A story about money

Let me put on my economics hat for a moment to discuss the financial aspects of the fireworks situation. (I worked at the Federal Reserve Bank in both San Francisco and Los Angeles before moving to Citicorp — 10 years in banking.) If a business sells products but the real-world costs of the enterprise are not accounted for in its bottom line, those additional costs are called “externalities” — meaning other people and organizations pay those costs. It’s a cost-shifting maneuver.

In this case, the burden (costs) of the fireworks chaos and clean-up is not being born by those who benefit most. Our grocery stores, bakeries, ice cream parlors, candy shops, firework tents (any commodity-based business) can staff up and, with sufficient inventory, will benefit from an increase in tourists. But not all businesses benefit equally. When a hotel, motel, or Airbnb cottage is full — their financial benefit is capped at that maximum. More tourists don’t help them. And some businesses simply had to close during the Fourth. Dawnya Davis at the Grooming Garage had her hands full with freaked-out dogs, many seriously affected.

And, tell me, how do we residents benefit?

The real costs of eight days of fireworks are being transferred to other areas in our community. In hard dollars, the tipping costs are partially covered by grants from state agencies. Shelly Pollock, beach clean-up founder, says their organization receives $7,000 annually from State Parks for dumpsters and materials. Individuals and some businesses donate as well.

But this year there were five dumpster fires. Jay Alexander, owner of Peninsula Sanitation, said the costs to the county for pick-up, repair and repainting of the damaged dumpsters was $4,085. Jay also remarked that some people take advantage of the placement of these dumpsters. “People know when the dumpsters arrive. My guys have told me that sometimes people are waiting in trucks to dump other stuff. And at our recycle sites, we often see couches, mattresses, sometimes appliances. My opinion — no personal fireworks.”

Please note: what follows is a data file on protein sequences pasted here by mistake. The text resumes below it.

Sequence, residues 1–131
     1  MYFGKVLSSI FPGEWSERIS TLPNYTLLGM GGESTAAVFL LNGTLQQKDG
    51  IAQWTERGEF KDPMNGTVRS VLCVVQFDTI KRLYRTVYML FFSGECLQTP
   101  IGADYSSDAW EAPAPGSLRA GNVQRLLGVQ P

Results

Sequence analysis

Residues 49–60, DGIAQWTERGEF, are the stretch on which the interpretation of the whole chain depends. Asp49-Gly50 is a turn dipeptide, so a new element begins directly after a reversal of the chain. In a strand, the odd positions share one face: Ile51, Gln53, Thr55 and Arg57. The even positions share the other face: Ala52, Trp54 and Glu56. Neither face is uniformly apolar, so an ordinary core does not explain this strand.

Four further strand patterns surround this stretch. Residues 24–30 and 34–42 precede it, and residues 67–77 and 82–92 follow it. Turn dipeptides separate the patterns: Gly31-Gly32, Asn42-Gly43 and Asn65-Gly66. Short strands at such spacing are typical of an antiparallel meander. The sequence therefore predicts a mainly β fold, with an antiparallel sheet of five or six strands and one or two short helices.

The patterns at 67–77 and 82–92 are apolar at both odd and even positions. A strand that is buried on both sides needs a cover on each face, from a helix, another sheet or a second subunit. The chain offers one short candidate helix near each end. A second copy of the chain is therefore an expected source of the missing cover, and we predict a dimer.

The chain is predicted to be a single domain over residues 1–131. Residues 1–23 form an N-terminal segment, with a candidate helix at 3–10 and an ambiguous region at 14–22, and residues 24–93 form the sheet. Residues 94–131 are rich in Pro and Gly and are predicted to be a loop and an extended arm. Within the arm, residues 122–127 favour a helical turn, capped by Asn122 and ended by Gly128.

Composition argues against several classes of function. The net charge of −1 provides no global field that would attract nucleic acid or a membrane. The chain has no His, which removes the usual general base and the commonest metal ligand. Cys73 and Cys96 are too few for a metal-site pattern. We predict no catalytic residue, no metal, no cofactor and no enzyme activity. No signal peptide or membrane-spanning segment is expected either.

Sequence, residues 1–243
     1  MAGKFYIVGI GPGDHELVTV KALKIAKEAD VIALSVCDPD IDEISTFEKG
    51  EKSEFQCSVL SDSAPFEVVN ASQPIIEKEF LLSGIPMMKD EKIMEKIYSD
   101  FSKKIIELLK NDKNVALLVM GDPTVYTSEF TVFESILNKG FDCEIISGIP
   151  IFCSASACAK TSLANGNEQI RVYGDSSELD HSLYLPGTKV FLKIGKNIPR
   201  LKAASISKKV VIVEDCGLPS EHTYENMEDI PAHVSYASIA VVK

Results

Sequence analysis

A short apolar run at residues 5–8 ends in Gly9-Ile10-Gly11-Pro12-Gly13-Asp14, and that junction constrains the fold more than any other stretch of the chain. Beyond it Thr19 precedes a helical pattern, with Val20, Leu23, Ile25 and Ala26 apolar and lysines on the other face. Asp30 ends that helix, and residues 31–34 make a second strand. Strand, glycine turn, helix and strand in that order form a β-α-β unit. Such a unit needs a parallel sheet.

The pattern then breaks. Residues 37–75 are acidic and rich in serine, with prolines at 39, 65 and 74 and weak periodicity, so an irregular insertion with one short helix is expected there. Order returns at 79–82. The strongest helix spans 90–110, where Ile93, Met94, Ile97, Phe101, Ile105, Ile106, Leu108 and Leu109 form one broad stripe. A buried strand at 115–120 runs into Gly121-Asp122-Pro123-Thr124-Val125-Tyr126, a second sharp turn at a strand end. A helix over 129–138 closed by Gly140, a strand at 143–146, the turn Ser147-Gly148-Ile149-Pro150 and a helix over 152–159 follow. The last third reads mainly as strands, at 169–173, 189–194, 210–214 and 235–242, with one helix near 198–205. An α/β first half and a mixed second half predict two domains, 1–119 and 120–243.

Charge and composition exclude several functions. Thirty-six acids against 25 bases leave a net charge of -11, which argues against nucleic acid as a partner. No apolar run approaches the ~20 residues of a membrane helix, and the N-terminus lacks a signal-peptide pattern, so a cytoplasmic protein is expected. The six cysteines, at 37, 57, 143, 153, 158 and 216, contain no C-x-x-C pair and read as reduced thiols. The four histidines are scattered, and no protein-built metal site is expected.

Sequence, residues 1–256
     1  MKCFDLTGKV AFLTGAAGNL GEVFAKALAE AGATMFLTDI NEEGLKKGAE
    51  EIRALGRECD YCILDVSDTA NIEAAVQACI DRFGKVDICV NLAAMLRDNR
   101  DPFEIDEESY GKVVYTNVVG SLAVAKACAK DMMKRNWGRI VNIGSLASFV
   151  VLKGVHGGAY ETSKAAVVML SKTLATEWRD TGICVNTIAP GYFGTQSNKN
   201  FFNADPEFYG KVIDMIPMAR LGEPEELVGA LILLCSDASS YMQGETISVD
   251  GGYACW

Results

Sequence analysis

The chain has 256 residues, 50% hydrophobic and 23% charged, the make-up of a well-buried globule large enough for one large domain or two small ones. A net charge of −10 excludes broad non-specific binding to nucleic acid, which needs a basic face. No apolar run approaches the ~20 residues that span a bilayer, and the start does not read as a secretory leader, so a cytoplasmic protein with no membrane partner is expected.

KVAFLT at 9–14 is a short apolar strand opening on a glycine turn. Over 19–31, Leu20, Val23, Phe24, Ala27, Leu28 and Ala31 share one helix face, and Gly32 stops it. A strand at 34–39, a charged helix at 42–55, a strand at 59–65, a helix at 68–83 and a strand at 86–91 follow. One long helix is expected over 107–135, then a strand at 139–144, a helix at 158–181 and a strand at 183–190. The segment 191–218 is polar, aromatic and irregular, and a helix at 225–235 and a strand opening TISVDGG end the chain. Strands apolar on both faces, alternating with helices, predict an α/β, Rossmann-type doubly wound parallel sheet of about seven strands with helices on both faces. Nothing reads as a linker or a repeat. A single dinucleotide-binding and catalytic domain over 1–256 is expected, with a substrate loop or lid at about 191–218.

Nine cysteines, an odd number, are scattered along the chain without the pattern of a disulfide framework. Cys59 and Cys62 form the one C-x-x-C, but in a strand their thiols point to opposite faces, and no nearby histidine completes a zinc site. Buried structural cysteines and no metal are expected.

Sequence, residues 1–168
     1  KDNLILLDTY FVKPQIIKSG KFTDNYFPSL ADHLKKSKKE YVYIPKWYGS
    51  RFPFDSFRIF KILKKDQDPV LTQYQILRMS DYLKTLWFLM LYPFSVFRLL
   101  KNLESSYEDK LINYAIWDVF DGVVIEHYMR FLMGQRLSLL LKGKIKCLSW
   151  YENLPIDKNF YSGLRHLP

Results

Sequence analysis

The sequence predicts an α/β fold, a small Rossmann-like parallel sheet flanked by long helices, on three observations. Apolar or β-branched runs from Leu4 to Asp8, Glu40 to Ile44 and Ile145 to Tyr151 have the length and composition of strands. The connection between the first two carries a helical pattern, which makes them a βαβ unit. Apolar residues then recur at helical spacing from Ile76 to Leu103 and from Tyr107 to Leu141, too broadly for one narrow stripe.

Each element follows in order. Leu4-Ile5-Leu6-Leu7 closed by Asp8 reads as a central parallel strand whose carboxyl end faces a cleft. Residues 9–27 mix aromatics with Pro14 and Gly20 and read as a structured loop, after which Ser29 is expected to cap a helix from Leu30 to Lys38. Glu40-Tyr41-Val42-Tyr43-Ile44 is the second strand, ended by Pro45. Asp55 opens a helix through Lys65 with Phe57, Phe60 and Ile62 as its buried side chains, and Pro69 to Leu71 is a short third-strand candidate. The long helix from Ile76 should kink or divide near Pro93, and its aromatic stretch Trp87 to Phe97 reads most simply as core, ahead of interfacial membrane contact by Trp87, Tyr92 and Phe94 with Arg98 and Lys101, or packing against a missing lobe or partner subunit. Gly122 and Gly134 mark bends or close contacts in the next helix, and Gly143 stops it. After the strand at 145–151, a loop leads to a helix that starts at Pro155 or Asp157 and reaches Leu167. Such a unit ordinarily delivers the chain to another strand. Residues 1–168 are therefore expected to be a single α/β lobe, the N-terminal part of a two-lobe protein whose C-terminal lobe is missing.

Jacob Brundage, Ocean Park fire chief, says we got lucky this year — we had no out-of-control fires. Ten misty days preceding the Fourth helped. But still, “We always staff up. On both July 3rd and 4th we had two extra people on overtime. And we had volunteers doing rotating shifts. After the Fourth we put out beach fires. Russ Lewis color-codes them. [This year Russ, a garbage gang volunteer, marked 40 fires.] We ‘pull the cap off’ [many fires are buried and still burning] and extinguish the materials directly. We also had someone pull a couch into the dune grass and light it on fire.”

“We have a great group of volunteers during beach clean-up — but what message are we sending about our community? I’m not sure I fully understand the hesitation by the county to limit the number of days for discharge. I think we need to have the latitude, if we have an extremely dry period of time, to call a partial ban. Public firework displays can be handled more safely.” (This year Long Beach cancelled their public display.)

What will it take?

As other cities and counties ban fireworks — obviously the trend — we will have greater numbers of disrespectful out-of-towners here misbehaving. Our Peninsula is beautiful; the beach is magical — we will still have plenty of tourists enjoying long holiday weekends, even without fireworks. Our businesses will still do well.

And imagine if the funds for firework clean-up could be used to benefit our community in other ways. Increased educational experiences for our kids? Elder support? More art? Shelly is working to grow a $100,000 fund to make the beach clean-up sustainable for the long-term. What if we were also growing a fund to tackle our housing issues?

Changes need to be made.

•••

Meeting to discuss the Long Beach Peninsula fireworks issue: July 28 at 6 p.m. at Pacific Co. Fire District No. 1 station in Ocean Park. (26110 Ridge Ave.) Attendees must show their vaccination card. (Required by the fire department.) Also, see the Facebook site: Better beaches & Byways.

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(1) comment

Toni

So, if unvaccinated, even if we HAD Covid-19 and have immunity, we are not permitted to voice our opinion on this matter, as local resident taxpayers???????? Are you freaking serious???????????????????????????????????????????????